That's true but the market made up of self-select investment pensions is tiny in comparison to managed pension funds. Think of all the employers with final salary schemes and all the personal pension providers. The trustees of those funds control the real big money that gets invested in Wall St. and The City.

We all witnessed the hype around the BTC futures and I´d argue that the hype around
Bitcoin ETFs would be even bigger.

Absolutely. It looks like the SEC will likely approve leveraged ETFs backed by futures first. These are really only suitable for day trading. It's going to take a bit longer for them approve physically backed investment grade ETFs. That comes back to the custody issue.

thecodebear
Full Member
***
Offline Offline

Activity: 476
Merit: 133


View Profile
June 03, 2018, 08:43:29 AM
 #11

...
1) Transaction fees and network inefficiencies
Segwit adoption (currenty ~40%) and batched transactions have basically "cured" this issue for the time being. Fees are now the lowest in 7 years.
The Lightning Network has since gone mainnet beta with ~2000 nodes, likely curing peak performance issues in the foreseeable future, assuming all the bugs are ironed out and adoption continues to take root.
...

I basically agree with most of your viewpoints except for this claim.

Of course an increase in the adoption of SegWit is a great development, but I really think that the current
level of transaction fees is mainly caused by a loss of interest in Bitcoin (at least for now, many people will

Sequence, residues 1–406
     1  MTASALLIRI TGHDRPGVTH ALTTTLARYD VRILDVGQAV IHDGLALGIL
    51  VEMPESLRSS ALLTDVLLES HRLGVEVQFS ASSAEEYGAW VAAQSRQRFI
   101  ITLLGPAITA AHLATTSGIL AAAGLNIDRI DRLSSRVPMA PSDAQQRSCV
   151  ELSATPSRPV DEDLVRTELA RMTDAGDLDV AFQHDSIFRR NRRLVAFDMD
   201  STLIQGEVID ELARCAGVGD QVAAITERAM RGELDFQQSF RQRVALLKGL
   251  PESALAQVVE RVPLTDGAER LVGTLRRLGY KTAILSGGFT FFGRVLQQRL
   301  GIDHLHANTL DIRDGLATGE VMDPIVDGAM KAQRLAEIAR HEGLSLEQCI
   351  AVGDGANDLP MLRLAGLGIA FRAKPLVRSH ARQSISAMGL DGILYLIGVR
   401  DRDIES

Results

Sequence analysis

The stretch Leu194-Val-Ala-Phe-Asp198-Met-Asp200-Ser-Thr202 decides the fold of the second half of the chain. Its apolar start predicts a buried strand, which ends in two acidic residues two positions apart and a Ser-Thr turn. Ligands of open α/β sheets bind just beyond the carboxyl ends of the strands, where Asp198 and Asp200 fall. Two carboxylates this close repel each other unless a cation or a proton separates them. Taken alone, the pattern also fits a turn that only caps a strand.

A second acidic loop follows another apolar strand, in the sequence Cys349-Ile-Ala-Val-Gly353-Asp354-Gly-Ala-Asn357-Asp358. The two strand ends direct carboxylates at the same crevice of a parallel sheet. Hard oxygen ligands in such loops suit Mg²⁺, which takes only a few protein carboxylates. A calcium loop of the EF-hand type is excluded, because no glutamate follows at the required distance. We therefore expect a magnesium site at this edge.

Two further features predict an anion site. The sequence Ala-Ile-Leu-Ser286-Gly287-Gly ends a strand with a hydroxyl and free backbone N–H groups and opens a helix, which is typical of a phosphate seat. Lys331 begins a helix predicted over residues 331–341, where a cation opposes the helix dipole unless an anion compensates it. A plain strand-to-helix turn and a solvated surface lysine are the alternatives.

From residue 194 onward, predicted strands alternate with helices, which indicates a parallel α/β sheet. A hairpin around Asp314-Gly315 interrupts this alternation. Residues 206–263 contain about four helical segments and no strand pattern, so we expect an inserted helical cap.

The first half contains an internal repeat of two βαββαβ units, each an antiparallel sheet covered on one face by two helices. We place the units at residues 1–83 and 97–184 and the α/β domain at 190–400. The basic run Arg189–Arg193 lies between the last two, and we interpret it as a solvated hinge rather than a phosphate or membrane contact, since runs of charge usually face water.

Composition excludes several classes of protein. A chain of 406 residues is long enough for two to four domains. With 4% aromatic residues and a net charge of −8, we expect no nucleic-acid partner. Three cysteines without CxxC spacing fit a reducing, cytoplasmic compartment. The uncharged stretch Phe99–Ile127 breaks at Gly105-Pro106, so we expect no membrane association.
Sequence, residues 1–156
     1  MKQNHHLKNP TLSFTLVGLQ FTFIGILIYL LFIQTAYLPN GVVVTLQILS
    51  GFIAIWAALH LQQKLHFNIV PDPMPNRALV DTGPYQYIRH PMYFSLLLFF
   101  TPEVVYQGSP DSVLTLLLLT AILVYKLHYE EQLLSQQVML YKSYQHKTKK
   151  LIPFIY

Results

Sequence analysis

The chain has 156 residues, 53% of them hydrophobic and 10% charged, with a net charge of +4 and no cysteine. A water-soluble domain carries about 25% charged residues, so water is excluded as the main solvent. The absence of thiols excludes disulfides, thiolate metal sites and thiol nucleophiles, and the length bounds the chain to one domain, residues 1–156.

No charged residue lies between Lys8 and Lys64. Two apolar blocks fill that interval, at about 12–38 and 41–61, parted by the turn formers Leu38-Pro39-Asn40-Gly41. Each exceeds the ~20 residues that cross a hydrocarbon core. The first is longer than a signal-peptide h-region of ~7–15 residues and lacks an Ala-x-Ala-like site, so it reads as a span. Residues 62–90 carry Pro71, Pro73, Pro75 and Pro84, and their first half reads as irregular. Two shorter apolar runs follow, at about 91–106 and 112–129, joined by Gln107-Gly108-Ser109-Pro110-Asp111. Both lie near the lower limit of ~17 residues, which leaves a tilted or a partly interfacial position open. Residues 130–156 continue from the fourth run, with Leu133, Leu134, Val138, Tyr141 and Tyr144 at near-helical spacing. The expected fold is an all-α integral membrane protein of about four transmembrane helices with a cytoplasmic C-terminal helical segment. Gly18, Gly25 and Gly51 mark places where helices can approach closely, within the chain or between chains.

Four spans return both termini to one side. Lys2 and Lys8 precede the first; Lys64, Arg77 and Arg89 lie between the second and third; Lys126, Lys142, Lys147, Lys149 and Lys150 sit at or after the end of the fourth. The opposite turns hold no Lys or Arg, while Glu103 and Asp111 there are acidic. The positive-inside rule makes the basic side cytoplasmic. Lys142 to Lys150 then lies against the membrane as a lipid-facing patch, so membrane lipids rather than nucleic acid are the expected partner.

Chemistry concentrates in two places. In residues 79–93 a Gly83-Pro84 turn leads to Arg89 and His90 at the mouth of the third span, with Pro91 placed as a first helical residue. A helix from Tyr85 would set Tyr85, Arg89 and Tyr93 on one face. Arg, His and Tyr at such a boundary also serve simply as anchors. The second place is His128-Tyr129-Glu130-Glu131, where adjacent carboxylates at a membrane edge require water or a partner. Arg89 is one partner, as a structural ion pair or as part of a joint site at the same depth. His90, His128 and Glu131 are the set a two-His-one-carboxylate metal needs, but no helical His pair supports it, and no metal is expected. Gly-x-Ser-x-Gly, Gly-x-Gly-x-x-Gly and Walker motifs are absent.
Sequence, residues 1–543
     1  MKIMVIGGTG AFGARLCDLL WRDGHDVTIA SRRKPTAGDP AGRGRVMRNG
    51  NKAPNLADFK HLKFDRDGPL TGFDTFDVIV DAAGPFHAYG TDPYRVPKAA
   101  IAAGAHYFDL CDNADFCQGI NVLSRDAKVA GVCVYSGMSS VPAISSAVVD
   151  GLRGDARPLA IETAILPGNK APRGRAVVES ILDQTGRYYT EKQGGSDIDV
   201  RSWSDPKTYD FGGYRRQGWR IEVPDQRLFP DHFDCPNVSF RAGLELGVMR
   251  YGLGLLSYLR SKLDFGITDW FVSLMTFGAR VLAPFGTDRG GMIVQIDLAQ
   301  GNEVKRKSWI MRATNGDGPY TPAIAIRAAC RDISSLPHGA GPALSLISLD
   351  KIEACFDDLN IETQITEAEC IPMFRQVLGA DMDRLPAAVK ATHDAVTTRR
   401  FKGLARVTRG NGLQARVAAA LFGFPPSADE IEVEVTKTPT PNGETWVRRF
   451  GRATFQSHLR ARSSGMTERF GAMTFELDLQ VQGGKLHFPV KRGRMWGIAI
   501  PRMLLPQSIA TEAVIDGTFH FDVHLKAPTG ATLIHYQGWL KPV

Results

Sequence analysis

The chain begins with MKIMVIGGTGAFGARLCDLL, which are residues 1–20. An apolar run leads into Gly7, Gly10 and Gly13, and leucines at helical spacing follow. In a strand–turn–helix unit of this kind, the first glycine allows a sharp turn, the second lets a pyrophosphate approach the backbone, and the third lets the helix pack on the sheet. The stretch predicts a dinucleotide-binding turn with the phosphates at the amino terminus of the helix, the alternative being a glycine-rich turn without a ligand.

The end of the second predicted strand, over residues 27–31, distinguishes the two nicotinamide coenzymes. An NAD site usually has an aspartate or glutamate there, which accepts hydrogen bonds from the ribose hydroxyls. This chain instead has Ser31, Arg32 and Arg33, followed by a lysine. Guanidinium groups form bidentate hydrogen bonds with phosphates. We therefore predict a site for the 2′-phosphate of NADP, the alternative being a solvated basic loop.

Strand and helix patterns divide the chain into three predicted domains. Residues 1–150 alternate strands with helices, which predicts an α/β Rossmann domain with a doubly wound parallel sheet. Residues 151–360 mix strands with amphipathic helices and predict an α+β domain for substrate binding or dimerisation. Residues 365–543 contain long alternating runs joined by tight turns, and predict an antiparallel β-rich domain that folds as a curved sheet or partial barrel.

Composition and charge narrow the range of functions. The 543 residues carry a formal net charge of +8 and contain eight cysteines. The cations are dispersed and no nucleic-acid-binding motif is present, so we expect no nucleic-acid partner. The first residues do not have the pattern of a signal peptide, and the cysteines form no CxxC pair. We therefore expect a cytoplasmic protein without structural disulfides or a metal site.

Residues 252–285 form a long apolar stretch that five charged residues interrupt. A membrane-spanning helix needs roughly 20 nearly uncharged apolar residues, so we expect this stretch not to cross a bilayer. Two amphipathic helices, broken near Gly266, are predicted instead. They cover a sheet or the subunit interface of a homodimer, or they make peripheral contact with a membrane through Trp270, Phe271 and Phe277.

be back).

https://trends.google.com/trends/explore?q=bitcoin

If you take a look at this chart, it looks awfully familiar to the price chart.

If the interest in Bitcoin goes up due to a catalyst, transaction activity will
multiply and fees will rise. Probably the situation won´t be as bad as it
was at the end of 2017 due to SegWit + batched transactions, but I still think
that the current level of transaction fees is unsustainable in the long-term.

Otherwise, a great post and I´m really looking forward to many other good posts in this thread.




Yeah while Segwit and batching are helping some, the lower interest in Bitcoin right now as compared to during the bull run is definitely playing a big role in the low fees. And fees may be historically low in terms of satoshis per byte, but in terms of raw dollars they're still just like what they were early last year before the bull run started, not at a 7 year low or anything. On the next bull run fees will get just as bad as they were in 2017. Segwit and batching though will obviously help though.
thecodebear
Full Member
***
Offline Offline

Activity: 476
Merit: 133


View Profile
June 03, 2018, 08:45:46 AM
 #12

I think the next bull run is going to get going from a combination of institutional investors, LN and the beginnings of merchant adoption of LN taking the first steps towards being an alternative to credit cards, and more companies providing easier ways to get Bitcoin whereas last time it was basically Coinbase and that was it.
Pages: [1]
  Print  
 
Jump to:  

Sponsored by , a Bitcoin-accepting VPN.
Powered by MySQL Powered by PHP Powered by SMF 1.1.19 | SMF © 2006-2009, Simple Machines Valid XHTML 1.0! Valid CSS!